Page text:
Summer falls into autumn, and winter’s close behind. As the seasons change, businesses need to be taking note. Seasonal changes can impact and should correlate with the changes in purchasing habits for a business’s customers, or they can suffer.
Individuals are more likely to purchase certain products or access certain services more than others in different seasons or times throughout the year.
For example, hot cross buns are more likely to be sold during Easter and the month/s preceding it – but are unlikely to be a featured product that does well during November. Warm winter wear is unlikely to sell during warmer months because there is little need for it, and customers are not likely to buy those types of products.
There are many factors that can affect seasonal purchasing, and businesses should identify which factors are more relevant to their business:
Businesses that have products and services which might correlate more with one season than another should be particularly aware of changes in customer practices so that they can make the necessary accommodations.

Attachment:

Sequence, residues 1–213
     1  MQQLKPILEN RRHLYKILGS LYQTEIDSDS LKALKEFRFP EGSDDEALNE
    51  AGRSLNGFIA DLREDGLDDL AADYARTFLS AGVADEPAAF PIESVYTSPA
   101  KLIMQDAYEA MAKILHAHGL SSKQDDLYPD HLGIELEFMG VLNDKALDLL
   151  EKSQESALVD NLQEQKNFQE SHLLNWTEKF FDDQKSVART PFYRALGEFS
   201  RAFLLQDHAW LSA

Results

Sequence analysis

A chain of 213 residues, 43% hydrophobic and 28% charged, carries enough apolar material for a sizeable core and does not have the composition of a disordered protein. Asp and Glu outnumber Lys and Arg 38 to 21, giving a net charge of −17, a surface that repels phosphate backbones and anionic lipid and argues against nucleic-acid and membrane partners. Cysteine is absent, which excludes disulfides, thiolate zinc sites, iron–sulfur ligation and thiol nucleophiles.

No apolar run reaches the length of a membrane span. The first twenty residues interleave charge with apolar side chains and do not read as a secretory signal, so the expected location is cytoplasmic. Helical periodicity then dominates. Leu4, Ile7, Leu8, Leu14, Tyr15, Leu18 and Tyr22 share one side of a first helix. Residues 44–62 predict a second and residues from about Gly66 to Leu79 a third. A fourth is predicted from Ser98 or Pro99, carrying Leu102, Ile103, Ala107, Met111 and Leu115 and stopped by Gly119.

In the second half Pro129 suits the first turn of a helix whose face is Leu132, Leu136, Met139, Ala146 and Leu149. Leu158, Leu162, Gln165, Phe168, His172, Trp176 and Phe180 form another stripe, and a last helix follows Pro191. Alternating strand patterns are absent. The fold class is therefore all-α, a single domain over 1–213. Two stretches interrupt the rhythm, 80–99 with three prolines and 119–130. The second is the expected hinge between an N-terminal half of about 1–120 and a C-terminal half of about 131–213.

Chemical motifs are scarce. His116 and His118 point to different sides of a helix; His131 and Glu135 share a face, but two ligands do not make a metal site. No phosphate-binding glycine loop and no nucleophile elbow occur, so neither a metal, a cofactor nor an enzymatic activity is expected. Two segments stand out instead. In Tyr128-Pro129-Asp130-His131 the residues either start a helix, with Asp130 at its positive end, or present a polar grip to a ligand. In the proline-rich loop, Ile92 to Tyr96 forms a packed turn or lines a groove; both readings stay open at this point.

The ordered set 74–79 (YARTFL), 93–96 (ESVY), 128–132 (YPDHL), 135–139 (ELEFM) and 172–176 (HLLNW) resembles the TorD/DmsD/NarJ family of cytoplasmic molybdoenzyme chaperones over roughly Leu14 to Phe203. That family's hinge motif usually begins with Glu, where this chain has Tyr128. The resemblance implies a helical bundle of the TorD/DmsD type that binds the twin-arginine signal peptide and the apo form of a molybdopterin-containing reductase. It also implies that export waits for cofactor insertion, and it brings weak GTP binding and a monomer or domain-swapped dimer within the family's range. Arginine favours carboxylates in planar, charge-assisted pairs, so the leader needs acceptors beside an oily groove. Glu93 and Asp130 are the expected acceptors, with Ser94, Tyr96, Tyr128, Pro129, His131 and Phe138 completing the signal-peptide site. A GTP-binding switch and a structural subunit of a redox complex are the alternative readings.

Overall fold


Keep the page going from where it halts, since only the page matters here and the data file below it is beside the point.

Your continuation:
Businesses that have products that are more popular during some seasons than others should be analysing data that gives insight into the increases and decreases of purchase of those products. This will allow them to increase inventory during times of demand, so as to not fall behind public demand, and decrease inventory during low-purchase periods, so as not to have unnecessary stock taking up space.
Businesses providing services that are seasonally popular should consider hiring individuals on a contract basis for the period of high demand. This will allow them to fulfil the demands rather than struggle to meet them with limited employees. Hiring on a contract basis may be more ideal since the number of employees may not be necessary during off-peak seasons.
Businesses should keep in mind that there are natural periods of transition that can be reflected in their seasonal changes to their products and to reflect the needs of their customers.